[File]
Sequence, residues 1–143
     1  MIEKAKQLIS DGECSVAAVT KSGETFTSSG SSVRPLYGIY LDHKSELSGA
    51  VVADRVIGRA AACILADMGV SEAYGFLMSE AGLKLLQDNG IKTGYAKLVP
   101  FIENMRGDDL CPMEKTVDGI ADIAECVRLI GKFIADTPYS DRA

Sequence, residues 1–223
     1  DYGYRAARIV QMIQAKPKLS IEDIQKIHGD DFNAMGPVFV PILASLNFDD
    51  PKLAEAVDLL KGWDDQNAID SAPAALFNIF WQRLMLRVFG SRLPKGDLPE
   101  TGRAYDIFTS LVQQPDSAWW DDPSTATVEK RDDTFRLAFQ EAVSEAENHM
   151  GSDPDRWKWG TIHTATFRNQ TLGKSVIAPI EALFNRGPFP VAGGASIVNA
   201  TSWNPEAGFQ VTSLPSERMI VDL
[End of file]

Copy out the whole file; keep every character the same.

Sequence, residues 1–143
     1  MIEKAKQLIS DGECSVAAVT KSGETFTSSG SSVRPLYGIY LDHKSELSGA
    51  VVADRVIGRA AACILADMGV SEAYGFLMSE AGLKLLQDNG IKTGYAKLVP
   101  FIENMRGDDL CPMEKTVDGI ADIAECVRLI GKFIADTPYS DRA

Sequence, residues 1–223
     1  DYGYRAARIV QMIQAKPKLS IEDIQKIHGD DFNAMGPVFV PILASLNFDD
    51  PKLAEAVDLL KGWDDQNAID SAPAALFNIF WQRLMLRVFG SRLPKGDLPE
   101  TGRAYDIFTS LVQQPDSAWW DDPSTATVEK RDDTFRLAFQ EAVSEAENHM
   151  GSDPDRWKWG TIHTATFRNQ TLGKSVIAPI EALFNRGPFP VAGGASIVNA
   201  TSWNPEAGFQ VTSLPSERMI VDL